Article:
UK pubcaster the BBC and subscription VOD service are creating a six-part comedy based on the Neil Gaiman and Terry Pratchett novel Good Omens.
Gaiman (American Gods) will be showrunner on the 6×60 mins series, which is set to go out on the BBC and Amazon in 2018.
Amazon will get the global premiere rights, the BBC debuting it on British linear TV afterwards.
The commission is significant for the BBC’s production arm, BBC Studios, which is set to become a commercial subsidiary with the ability to produce for third-party channels and services after receiving regulatory approval to do so.
BBC Studios director Mark Linsey said the commission “demonstrates there is considerable appetite for BBC Studios to make programmes for other broadcasters”.
The production company will coproduce Good Omens with Narrativia and The Blank Corporation.
BBC commercial arm BBC Worldwide licensed the global SVOD rights to Amazon, and has first-run distribution rights for territories were Prime Video does not operate and global second-window rights.
Good Omens is a satire about the prophesised end of the world, in which a fussy angel and fast-living demon who’ve been living on Earth decide they enjoy their mortal lives and attempt to sabotage the apocalypse.
Cult novelist Gaiman will executive produce with Caroline Skinner (Doctor Who) and BBC head of comedy Chris Sussman (Fleabag).
Gaiman and the late Disc World novels creator Pratchett wrote Good Omens: The Nice and Accurate Prophecies of Agnes Nutter, which was released in 1990.
“Almost 30 years ago Terry Pratchett and I wrote the funniest novel we could about the end of the world, populated with angels and demons, not to mention an eleven-year-old Antichrist, witch-finders and the four horsepeople of the apocalypse,” said Gaiman. “It became many people’s favourite book.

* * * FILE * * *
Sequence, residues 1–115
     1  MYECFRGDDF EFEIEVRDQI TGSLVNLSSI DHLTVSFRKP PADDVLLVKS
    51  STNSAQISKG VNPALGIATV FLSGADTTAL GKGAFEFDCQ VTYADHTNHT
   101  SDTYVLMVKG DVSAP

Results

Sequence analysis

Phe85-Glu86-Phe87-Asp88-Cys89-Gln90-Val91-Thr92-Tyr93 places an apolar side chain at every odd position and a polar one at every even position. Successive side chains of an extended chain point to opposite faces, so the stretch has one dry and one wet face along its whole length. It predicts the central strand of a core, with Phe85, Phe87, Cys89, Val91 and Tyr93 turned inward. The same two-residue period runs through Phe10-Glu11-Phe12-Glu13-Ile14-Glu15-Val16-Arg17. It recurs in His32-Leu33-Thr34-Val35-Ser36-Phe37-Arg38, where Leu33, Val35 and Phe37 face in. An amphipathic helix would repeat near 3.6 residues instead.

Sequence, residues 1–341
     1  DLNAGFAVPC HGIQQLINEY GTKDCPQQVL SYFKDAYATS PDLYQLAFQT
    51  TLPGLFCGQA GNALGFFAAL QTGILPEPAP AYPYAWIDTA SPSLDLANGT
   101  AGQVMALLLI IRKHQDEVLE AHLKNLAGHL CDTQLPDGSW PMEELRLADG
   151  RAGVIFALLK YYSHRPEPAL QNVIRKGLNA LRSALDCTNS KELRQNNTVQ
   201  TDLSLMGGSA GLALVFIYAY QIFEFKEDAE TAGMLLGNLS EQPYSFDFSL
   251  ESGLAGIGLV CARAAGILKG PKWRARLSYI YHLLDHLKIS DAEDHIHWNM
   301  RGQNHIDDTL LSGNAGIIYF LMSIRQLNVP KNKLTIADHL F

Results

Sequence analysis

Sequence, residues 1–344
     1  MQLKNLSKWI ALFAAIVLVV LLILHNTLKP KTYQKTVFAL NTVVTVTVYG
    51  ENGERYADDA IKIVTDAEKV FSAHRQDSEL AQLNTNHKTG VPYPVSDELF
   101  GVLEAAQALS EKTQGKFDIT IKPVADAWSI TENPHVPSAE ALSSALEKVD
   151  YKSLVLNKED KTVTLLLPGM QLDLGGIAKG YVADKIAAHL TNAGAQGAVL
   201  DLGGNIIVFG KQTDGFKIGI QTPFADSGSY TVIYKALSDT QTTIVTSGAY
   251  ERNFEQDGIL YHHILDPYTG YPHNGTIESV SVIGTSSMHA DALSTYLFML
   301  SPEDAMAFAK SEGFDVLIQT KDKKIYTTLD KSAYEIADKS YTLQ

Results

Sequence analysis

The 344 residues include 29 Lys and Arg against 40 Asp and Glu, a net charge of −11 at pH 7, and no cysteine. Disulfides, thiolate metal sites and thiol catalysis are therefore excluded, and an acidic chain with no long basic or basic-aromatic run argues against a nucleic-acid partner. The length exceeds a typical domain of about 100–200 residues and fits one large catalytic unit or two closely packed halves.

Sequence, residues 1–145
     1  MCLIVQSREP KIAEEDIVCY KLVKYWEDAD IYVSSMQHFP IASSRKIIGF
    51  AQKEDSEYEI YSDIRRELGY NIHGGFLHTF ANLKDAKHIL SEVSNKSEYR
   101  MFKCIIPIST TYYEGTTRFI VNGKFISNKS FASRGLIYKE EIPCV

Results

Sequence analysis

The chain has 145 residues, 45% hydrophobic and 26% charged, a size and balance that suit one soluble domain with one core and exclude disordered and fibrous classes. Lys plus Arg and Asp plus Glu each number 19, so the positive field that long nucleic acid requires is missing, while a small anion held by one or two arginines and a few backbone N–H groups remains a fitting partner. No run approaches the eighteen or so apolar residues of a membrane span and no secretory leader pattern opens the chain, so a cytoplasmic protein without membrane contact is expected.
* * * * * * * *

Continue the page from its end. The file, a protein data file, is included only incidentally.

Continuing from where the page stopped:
“Three decades later, it’s going to make it to the screen. I can’t think of anyone we’d rather make it with than BBC Studios, and I just wish Sir Terry was alive to see it.”
Referencing current geopolitical instability around the world, the BBC’s Sussman said:“It feels like a good time to be making a comedy about an impending global apocalypse.”
“Spanning not only the universe but also the entirety of time, Neil Gaiman has created a story that may be the largest ever told on television,” said Joe Lewis, head of comedy and drama at Amazon Studios. “We’re excited to be working with BBC Studios to bring Neil and Terry Pratchett’s incredible book to life and to Prime members everywhere.”
Amazon has also commissioned a second season of its new drama Sneaky Pete, which Bryan Cranston (Breaking Bad) co-created. The show became Amazon’s second-most-streamed original series for its first day release on January 13, behind The Man in the High Castle.
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